Grace of Monaco: Interview with director Olivier Dahan
Grace of Monaco opened this year’s Cannes Film Festival and stars Nicole Kidman as princess Grace Kelly.
What did you find appealing about Grace of Monaco, the person?
Apart from anything else, it is the fact that she was an actress and an artist who had to give up on her career. I was not interested in making a biopic – I need to make films that resonate with me and my feelings. I would find it boring to have to depict facts only focusing on a character’s story; I always try to blend things and talk about myself too. And I think that what touched me about Grace’s itinerary was what was hidden beneath the surface, it resonated with my personal life. So Grace of Monaco is not a historical movie, even if it depicts real events. As a filmmaker I was interested in telling how a torn woman finds it impossible – or at least very hard – to find the right balance between her life as a wife, a mother and a woman and her career. In my opinion, Grace of Monaco reflects these contradictions.
What elements did you change in the script?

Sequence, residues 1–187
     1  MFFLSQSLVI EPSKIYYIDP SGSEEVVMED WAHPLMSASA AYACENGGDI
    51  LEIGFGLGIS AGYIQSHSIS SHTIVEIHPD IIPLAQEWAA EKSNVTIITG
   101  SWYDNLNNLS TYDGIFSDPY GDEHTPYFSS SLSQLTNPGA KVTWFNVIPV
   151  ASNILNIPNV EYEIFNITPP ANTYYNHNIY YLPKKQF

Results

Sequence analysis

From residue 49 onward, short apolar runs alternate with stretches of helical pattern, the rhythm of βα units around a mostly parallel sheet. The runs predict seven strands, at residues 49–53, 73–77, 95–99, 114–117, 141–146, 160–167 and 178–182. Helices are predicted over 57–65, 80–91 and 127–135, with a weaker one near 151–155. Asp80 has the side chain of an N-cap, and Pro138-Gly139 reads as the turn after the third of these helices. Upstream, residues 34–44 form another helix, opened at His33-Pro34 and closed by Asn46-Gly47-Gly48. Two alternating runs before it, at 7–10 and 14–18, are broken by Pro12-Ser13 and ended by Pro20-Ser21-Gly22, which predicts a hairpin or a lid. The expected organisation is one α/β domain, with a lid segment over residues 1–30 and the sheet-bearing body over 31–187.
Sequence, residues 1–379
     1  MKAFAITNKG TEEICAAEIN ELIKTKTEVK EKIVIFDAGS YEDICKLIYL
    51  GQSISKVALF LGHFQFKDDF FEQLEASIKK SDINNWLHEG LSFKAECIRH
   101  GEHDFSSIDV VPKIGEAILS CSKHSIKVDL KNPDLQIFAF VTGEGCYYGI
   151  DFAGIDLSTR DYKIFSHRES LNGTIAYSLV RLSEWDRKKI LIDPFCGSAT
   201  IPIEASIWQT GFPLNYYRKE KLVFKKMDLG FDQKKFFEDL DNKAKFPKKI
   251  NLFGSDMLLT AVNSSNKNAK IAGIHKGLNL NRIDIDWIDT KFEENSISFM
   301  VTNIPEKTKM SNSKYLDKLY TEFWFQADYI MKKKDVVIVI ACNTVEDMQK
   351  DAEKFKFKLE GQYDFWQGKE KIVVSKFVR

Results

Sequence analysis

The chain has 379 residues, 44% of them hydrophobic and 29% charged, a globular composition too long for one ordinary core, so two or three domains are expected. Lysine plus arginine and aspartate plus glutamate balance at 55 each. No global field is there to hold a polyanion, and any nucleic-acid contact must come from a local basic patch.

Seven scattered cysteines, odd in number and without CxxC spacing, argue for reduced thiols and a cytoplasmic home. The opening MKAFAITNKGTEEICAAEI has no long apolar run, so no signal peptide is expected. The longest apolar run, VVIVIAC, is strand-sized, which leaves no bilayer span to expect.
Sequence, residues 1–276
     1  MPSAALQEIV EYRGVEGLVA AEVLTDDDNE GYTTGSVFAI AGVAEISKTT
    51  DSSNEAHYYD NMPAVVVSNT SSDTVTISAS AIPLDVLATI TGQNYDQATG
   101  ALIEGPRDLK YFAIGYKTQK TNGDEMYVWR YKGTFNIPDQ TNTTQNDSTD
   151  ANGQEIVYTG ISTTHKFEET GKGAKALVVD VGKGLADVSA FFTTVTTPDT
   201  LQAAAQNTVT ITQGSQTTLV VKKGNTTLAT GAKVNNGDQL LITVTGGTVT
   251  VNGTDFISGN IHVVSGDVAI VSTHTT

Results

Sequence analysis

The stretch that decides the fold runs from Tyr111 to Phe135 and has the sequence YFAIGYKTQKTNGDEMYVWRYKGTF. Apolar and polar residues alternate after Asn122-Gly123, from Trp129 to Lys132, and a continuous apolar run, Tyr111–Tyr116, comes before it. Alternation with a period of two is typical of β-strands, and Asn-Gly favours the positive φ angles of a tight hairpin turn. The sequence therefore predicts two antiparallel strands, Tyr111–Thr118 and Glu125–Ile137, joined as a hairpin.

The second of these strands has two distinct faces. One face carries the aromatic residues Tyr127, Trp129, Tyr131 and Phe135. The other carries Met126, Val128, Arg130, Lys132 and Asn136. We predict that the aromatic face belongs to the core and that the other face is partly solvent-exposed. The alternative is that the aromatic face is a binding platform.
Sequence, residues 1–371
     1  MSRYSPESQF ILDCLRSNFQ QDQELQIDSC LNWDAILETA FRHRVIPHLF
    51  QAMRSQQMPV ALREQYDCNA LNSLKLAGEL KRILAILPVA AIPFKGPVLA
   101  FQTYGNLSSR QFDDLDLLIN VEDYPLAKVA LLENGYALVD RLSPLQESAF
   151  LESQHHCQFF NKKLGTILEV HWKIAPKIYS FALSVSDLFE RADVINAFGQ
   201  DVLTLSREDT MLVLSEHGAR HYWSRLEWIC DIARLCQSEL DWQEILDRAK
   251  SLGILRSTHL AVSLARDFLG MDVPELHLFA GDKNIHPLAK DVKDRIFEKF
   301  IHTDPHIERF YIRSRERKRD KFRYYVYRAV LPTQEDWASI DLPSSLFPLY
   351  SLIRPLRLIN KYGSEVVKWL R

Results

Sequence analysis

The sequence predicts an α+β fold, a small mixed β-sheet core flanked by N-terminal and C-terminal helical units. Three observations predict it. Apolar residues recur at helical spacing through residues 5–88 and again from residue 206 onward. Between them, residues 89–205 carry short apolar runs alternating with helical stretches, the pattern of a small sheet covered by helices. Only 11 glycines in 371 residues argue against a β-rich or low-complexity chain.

I wanted to give the film a more “adult”, a more mature and a darker feel, while retaining the glamorous aspect of the story, its “princess” touch. I wanted to delve into the contrasts. For example, I invented scenes about Grace’s private life, as when Grace calls her mother on the phone. It allows us to get to know the character in a more personal way. I intended first and foremost to make a film about a woman who is an artist but who must give up an important part of what she is in order to be able to keep her family together. This is the linchpin of the film.
Did you have Nicole Kidman in mind when you started working on the project?
Not in the beginning. I’ve been a fan of hers since Dead Calm, but I didn’t at first visualise her in the role. Actually, I didn’t visualise anyone. Then, we talked via Skype for a couple of hours. That’s when I started to have a change of heart. She seemed like an obvious choice. I went back to Los Angeles and we met up three or four times. Her motivation to portray the character came from within, as though she was telling things about herself in the movie. It resonates with things she has experienced in her own life. Her intuition matched mine instantly.